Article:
I found this via Wikipedia, of all places, which referenced, in an article about Bruce Moen, this write-up of Bruce’s afterlife knowledge workshop that I had placed in the Hampton Roads blog.
July 21, 2005: Exploring the Afterlife – Successfully!
By Frank DeMarco, Editor-in-chief
Bruce Moen‘s “Exploring the Afterlife” workshop, the second in our series of Applied Learning Series workshops, was held in Charlottesville on July 18 and 19th. I was one of those attending, and the workshop demonstrated what I’ve always thought, that Bruce would be a great teacher.
Starting with 10 people he didn’t know, and me (I’ve known Bruce for nearly 10 years, and edited three of his five books) he set out to teach us, in two days, how to explore the afterlife, contact people who are deceased, and bring back verifiable details to demonstrate that the contact was not just fantasy.
Big ambition! And he succeeded, as I’ll show.
The actual process of learning was fun. You know how it is in a small group. We got comfortable with each other, mostly ate meals together, started joking and teasing, and it all helped. So did Bruce’s relaxed, informal delivery. Besides the three of us from Virginia, and Bruce himself (from Colorado), participants came from Arkansas, Florida, Maryland, New Jersey, New York, South Carolina, and Washington, D.C. I’m not going to guess ages, but I’d say we were all in our 40s and above.
Bruce was promising that we’d learn how to contact people on the other side – and have evidence that we’d done it – before the second day was over. We were willing to believe that it was possible – but believing is not the same thing as knowing from first-hand evidence.
Now, I had an unfair advantage over the others, in that, like Bruce, I had learned how to make such contacts years ago in the Monroe Institute’s Lifeline course. I knew it could be done. More than that, I had edited Bruce’s Afterlife Knowledge Guidebook, which is a printed version of the same thing he was teaching. So I had a pretty good idea of how each piece fitted together as we went along.
It was very interesting. Bruce, a recovering engineer, proceeded methodically, alternating between lecturing and guiding exercises. He taught a simple relaxation method. Then he showed how to gather energy, how to place intent and how to remember, feel and send love energy. This took one and a half days of the two-day workshop, and I was wondering whether we would still have time enough to make verifiable contact!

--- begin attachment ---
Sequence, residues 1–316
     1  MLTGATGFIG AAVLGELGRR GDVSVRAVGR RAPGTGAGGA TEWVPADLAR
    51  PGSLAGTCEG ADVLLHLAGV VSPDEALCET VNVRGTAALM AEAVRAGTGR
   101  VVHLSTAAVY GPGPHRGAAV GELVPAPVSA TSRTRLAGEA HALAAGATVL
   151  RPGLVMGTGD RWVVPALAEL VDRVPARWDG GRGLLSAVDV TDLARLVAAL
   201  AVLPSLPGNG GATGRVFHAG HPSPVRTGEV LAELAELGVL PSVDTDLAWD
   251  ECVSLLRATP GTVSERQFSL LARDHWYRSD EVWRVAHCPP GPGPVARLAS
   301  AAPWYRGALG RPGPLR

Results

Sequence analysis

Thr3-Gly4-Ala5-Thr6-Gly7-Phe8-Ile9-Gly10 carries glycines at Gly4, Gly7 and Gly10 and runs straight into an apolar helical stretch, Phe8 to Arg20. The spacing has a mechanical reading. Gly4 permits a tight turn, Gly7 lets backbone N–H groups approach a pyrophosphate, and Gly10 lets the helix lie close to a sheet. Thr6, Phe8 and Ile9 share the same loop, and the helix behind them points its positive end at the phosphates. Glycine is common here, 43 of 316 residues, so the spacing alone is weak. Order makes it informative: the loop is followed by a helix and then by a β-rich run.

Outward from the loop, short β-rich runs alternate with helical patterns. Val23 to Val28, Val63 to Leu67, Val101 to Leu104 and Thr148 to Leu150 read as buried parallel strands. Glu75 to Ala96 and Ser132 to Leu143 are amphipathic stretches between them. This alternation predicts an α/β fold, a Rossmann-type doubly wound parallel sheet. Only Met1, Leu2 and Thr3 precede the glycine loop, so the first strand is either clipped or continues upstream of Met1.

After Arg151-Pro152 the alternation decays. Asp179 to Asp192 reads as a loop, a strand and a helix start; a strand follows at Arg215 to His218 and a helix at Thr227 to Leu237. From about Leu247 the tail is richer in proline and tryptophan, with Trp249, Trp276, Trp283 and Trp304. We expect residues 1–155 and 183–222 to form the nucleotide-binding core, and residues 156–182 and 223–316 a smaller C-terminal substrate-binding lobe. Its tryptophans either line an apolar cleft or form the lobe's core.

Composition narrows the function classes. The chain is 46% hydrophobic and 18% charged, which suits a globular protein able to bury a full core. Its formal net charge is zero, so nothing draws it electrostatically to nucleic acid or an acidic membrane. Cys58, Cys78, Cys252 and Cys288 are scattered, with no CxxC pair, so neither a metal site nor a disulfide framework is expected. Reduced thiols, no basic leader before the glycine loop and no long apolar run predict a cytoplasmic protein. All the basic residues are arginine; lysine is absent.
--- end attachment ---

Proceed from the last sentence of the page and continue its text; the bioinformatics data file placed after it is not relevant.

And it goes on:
Big surprise, Bruce knew what he was doing. He had so thoroughly grounded us in the essentials that when the time came – it worked. I’m going to reproduce the notes I brought back from my own exploration, so you can judge for yourself.
The whole point of the final exercise was for us to bring back information that could be validated right there. Bruce accomplished this by having us each write on a slip of paper the name of someone we knew who was deceased. We then each drew a slip and went to visit that person. While we did this, Bruce, in the background, gave us questions to ask and suggestions as to what kinds of distinctions to look for.
At the end of the exercise, when we each in turn reported what we got, we did not tell the name until after Bruce asked, “does that sound familiar to anybody?” And almost all the participants got enough detail for the submitter to identify the contact. In a couple of cases, the amount of details reported was striking.
Here’s a brief summary of the kinds of things I reported:
“Immediate impression of some kind of city. Tall red brick buildings. Some kind of arch.” We are standing in the street. We shake hands. He is young – 30s? – vigorous, very defnite. Strong, like a working-man. Very direct person, humorous, matter-of-fact. Sort of easy-going, not temperamental. Casually dressed. Twinkling eyes. Healthy.
He knows he is dead, and it’s okay. He was older when he died, but he likes this age. “He died worn out somehow, like a long sickness but not quite. Worn out. His heart gave out.”
(Bruce asked us to get some memory that the submitter of the name would remember.)
Outdoors, backpacking. Riding horses? Person is younger, related.
(A favorite thing he liked to do?) Growing things. Flower window pots.
(A lifetime scene the submitter was in and would remember?) lake, trees, mountains, horses. Campfire? Sleeping bags?
Et cetera. As you can see, these were very definite impressions, that could very easily have been wrong. When Bruce asked if the description were familiar to anyone, a participant said it was his brother, and listed the reasons why. And indeed, that was the name I had drawn. He was very pleased, and so was I.
As I said, the material and techniques Bruce uses in his workshops is all included in his Afterlife Knowledge Guidebook: A Manual for the Art of Retrieval and Afterlife Exploration. If you can’t make one of his workshops, it’s a very good substitute. I’m pretty sure that if you’re willing to practice, the method will work for you as it did for us. True, you won’t have group energy working for you, but on the other hand, the book will always be there while all workshops, alas, come to an end.